The goddess has been imprisoned in a barn hidden away from the village, her body woven into a lattice of weeds and branches that briefly spring to life and bloom with greenery and flowers when she receives sustenance. If mankind represents darkness, a life tainted by greed, failure, and original sin, then the goddess represents light, as both a literal and figurative life source. For Evans, she was a embodiment of Mother Nature, but one slowly being overtaken by the darkness of men.

Read More:  15 Terrifying Foreign Horror Films on Netflix to Keep You Up at Night

“When Malcolm, Quinn, and Frank, they shipwreck and they land on this place,” Evans said. “What they’ve arrived at is this beautiful, perfect, ideal setting. It’s an ecosystem of works. When they first find [the goddess], she’s healthy. She feeds off the island, but she gives back to it. It’s like this cycle.

“These guys when they turned up and they arrive on this island, they find God. And, what do they do? Instead of revering her, they enslave her. They use her to create their own power. Now she’s decaying. Now she’s starting to become overrun by the nature that surrounds her, and that the nature that surround her is also decaying.

“We did this thing of that she might’ve been fed blood by Malcolm, and that muscle reflex … that sort of mechanism of her giving harvest back to blossoming of those leaves and the blossoming of the vines and the flowers. That’s happened, but it’s temporary because those leaves and those flowers decay immediately, once we are confronted with the vision of the violence that’s going on in this village, as well.”


Michael Sheen in “Apostle.”

Warren Orchard

The introduction of the goddess in “Apostle” might come as a surprise to some viewers, but it falls in line with one of Evans’ other major influences for the film, British folk horror. British folk horror is a sub-genre of films that draw on the continent’s pagan past and the mysteries surrounding sites like Stonehenge, building on the idea that tucked away in quaint British villages are secret cult members engaged in human sacrifices and other strange pagan rituals to appease the gods.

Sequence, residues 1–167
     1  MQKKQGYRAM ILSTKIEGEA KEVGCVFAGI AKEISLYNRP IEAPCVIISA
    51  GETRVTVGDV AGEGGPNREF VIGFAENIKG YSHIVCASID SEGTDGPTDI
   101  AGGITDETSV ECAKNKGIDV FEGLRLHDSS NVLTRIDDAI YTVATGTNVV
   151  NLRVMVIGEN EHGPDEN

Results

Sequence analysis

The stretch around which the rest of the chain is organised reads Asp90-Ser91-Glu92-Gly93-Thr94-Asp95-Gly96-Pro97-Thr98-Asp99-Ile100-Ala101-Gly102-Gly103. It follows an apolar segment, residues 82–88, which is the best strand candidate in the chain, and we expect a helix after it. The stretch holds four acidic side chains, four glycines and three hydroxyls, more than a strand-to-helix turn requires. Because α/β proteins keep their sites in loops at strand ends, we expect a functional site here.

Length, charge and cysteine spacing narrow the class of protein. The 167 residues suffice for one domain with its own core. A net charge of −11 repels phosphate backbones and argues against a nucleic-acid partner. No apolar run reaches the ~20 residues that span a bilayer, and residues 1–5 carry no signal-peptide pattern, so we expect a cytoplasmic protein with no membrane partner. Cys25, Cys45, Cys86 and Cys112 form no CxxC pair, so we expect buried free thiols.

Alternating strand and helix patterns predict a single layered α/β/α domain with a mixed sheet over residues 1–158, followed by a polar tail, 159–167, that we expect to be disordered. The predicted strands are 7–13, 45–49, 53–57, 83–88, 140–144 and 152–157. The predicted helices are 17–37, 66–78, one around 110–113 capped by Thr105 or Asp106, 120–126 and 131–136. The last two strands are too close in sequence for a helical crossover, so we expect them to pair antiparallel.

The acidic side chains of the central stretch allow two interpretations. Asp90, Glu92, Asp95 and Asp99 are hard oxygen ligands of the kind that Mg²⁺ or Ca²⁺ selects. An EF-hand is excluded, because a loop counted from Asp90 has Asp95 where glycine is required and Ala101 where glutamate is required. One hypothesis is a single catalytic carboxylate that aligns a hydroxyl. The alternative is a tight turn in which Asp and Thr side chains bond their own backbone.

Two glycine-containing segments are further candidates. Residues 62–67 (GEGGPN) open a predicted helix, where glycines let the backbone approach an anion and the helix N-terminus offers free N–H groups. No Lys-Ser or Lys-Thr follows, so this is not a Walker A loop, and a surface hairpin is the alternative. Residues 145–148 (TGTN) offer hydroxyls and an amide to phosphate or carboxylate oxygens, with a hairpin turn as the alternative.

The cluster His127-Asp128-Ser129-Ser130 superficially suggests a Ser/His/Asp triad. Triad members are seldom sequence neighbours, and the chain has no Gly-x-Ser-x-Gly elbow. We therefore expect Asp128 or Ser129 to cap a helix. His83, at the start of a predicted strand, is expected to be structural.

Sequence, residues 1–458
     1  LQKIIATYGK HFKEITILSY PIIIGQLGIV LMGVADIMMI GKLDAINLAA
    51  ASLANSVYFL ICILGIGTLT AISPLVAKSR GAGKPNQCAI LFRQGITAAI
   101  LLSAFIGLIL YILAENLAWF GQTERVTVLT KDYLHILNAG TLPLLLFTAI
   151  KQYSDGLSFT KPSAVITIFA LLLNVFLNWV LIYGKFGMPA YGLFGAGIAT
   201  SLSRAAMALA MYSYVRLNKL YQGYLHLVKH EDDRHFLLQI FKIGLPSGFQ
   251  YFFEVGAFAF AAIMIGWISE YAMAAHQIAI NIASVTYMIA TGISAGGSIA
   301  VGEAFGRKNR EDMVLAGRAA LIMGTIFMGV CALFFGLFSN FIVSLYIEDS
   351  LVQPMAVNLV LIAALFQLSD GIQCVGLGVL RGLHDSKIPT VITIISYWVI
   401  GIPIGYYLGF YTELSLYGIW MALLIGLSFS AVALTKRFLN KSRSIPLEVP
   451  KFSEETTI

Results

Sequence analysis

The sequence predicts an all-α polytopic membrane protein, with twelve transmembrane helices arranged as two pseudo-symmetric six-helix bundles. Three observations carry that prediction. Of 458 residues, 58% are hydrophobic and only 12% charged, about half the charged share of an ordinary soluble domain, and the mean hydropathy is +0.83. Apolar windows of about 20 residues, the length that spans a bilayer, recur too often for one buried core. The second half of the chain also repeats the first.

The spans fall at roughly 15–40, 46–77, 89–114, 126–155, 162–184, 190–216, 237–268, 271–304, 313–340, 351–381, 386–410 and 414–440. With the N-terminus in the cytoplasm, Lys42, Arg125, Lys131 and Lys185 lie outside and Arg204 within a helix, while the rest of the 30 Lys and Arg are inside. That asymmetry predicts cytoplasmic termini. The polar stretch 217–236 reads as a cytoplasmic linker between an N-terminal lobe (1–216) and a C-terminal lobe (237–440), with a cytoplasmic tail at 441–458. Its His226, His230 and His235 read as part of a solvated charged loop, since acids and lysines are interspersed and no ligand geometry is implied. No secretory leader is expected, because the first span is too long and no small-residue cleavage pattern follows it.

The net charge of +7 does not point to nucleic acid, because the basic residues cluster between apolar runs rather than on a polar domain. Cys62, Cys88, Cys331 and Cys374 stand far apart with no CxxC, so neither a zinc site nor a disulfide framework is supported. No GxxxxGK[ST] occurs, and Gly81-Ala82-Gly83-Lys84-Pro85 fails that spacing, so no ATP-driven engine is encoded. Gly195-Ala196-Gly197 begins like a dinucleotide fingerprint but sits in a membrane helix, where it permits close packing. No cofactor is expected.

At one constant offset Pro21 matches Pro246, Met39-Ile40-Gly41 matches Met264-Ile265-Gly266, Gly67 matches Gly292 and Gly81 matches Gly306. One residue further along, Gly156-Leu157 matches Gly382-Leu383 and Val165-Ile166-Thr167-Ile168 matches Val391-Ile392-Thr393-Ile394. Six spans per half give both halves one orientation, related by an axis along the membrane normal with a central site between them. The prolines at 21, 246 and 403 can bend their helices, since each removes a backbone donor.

The ultimate British folk horror film is 1973’s “The Wicker Man,” where Sergeant Howie investigates the disappearance of a child on the strange Scottish Island of Summerisle, where he is at odds with the locals’ strange rites and free sexuality. “The Wicker Man” is often referred to as one of the Unholy Trinity in the sub-genre, alongside 1968’s “Witchfinder General” and 1971’s “The Blood on Satan’s Claw.” For Evans, these films were an obvious starting point and influence when he was crafting the world at play in “Apostle.”

“There was just something about the aesthetic in them that filled me with a sense of dread,” Evans said. “There was something about the way people would behave that was also ever so slightly off kilter, to a degree where it would make you feel unsettled from the very first minute of those films starting.”

For Evans, pulling together all of these elements made “Apostle” feel like a completely different experience than either of “The Raid” films. And to him, there was no better home for the film than with Netflix.

“I’ve never had an experience as kinda freeing as this,” Evans said. “[Netflix] could’ve said, ‘Can you just give us something that’s like ‘The Raid 3′ or something?’ This was an ambitious project… It was very challenging to experience, for me, and they got behind it on every step of the way, and they’ve been supportive of it.”

“Apostle” is currently streaming worldwide on Netflix.